How to Impress Your Attendings During Clinical Rotations

Arman Israelyan
Published on Sep 29, 2020. Updated on Sep 25, 2020.

Are you ready to embark upon your third year? It's a time in a medical student's life where you go from simulated cases and enter into real life scenarios. Read on to ensure you are prepared to enter the professional world and stand out amongst your peers.

I am beyond excited and privileged to enter the real world of medicine in the upcoming months! At this point, I have taken my boards and have spent a vigorous amount of hours learning about the human body. With this comes an immense responsibility when it comes to providing patients with the highest standard of care. Read on for important tips on how to impress your attending and stand out as a practicing physician!


We’ve heard this term like a broken record. However, there is a reason why our professors and mentors stress this over and over again. As future health professionals, we are expected to act like leaders and healers; we need to earn our patients’ trust. 

In order to practice professionalism, remember that we are students and preceptors are taking extra time out of their busy schedules to teach us. Come prepared! Arrive at the clinic early, 30 to 60 minutes in advance depending on the specialty, and pre-round on your patients. Dress well and keep yourself tidy. Don’t gossip about your patients in the hallways or elevators. Treat your co-workers and patients with the utmost respect. Advocate for your patients’ well-being and dignity. If you see a patient walking the hallways exposed, please offer to tie their gown. 

Conduct yourself with professionalism outside of the medical setting. If you’re at a social event outside the clinic, don’t drink yourself to death. Lastly, if your attending yells at you or says something inappropriate, do not complain to hospital administration. This may sever your school’s relationship with that specific hospital and your experience during that rotation may suffer as a result. This is an unfortunate reality of medicine. If there is an issue with professionalism, contact your school’s leadership and let them handle it. Acting professionally will go a long way and your attending will surely notice it.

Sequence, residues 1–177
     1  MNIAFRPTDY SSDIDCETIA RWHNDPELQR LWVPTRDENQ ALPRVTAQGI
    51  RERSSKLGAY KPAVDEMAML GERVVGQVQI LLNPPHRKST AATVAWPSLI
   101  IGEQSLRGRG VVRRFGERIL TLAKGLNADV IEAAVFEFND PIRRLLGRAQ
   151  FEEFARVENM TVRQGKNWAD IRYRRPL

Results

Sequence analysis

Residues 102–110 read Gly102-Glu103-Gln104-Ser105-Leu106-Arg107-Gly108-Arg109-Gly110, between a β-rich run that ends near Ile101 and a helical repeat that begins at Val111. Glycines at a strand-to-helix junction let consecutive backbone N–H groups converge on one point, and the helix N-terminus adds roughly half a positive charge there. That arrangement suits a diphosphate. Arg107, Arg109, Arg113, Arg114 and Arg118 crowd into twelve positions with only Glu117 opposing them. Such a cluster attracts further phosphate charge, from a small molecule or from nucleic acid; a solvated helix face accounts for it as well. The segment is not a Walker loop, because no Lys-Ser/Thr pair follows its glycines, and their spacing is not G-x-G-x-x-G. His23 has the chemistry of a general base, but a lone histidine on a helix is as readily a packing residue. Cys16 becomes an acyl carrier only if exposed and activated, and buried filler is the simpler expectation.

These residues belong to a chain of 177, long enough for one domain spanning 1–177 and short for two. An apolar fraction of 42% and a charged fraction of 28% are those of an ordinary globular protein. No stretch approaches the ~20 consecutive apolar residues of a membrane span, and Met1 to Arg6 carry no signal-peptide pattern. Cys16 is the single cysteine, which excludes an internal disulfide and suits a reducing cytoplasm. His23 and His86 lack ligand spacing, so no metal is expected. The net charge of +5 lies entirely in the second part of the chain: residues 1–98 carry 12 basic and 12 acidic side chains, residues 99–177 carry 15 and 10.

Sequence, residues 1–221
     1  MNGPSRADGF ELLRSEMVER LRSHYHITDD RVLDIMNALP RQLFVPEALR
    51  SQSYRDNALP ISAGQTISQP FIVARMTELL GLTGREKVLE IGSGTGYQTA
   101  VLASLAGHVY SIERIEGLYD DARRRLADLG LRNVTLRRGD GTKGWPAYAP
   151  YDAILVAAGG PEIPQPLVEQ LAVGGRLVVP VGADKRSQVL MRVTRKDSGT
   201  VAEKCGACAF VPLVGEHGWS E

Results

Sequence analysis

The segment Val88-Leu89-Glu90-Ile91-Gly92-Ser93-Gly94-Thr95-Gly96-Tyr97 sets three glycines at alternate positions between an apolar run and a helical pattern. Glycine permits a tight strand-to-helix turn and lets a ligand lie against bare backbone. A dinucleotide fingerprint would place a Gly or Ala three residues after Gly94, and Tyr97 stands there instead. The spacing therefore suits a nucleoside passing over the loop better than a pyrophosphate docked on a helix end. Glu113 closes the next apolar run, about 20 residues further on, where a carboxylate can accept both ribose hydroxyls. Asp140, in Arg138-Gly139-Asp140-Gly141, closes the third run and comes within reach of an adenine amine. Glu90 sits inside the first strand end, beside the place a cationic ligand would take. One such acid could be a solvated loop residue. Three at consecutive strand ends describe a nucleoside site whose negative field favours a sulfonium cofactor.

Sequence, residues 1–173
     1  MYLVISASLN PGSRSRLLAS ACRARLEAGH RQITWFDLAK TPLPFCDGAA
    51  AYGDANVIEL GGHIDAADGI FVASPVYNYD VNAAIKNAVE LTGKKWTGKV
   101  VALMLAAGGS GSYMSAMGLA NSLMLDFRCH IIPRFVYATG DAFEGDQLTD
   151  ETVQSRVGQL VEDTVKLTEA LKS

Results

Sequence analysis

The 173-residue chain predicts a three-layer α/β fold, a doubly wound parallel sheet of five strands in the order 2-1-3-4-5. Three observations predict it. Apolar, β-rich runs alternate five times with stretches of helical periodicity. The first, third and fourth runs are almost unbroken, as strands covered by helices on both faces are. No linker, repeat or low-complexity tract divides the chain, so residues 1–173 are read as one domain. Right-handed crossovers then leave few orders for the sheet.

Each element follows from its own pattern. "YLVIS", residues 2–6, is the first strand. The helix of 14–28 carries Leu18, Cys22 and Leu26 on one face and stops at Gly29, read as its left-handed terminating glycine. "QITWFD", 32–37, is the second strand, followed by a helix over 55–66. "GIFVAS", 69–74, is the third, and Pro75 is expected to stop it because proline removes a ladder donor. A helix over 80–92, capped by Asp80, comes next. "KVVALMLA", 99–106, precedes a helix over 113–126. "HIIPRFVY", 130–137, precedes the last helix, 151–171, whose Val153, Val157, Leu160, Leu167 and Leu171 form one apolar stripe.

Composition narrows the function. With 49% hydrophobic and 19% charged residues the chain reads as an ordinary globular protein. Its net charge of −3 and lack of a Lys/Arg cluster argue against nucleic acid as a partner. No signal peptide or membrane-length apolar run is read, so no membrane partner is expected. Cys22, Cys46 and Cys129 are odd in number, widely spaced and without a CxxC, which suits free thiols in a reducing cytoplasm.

Can Do, Will Do

As a third year medical student, you are expected to work long hours and complete the minimum to pass. If you want to stand out, you must be willing to go the extra mile. When your attending offers you to scrub in on an extra case in the OR, you must take advantage of the opportunity. If there’s a procedure that you’re not too familiar with, offer to help and suture at the end of the case. Your attending will surely make note of this and allow you to sit in on more cases. 

The same applies to rotations that you’re not particularly fond of. Obviously you can get by and do the bare minimum, but all it takes is one satisfactory rotation grade or negative letter of recommendation to deter a student from matching into your dream residency or job. My advice is to work even harder during the rotations that may bring you out of your comfort zone. Not only will this help you as a healthcare professional, it will demonstrate resiliency and it is certainly something you can discuss during your interview. The more opportunities you take advantage of, the more trust your attending will place in you. 

Good Luck!

As a second year medical student, like many of you reading this, I am uncertain of how this third year will go. But I do have enough medical experience outside of the classroom where I think my advice could be helpful to you, especially for those that have not had much guidance over the first couple of years. I wish you the best of luck going forward - whether you’re a first year or preparing to enter residency (flattering if you’ve read this post). Thank you for reading through this! 

About Arman

Arman Israelyan is a second year medical student at the Idaho College of Osteopathic Medicine. Emergency Medicine is his passion. He loves hiking with his dog Buster, practicing Brazilian jiu jitsu and finishing massive food challenges. 


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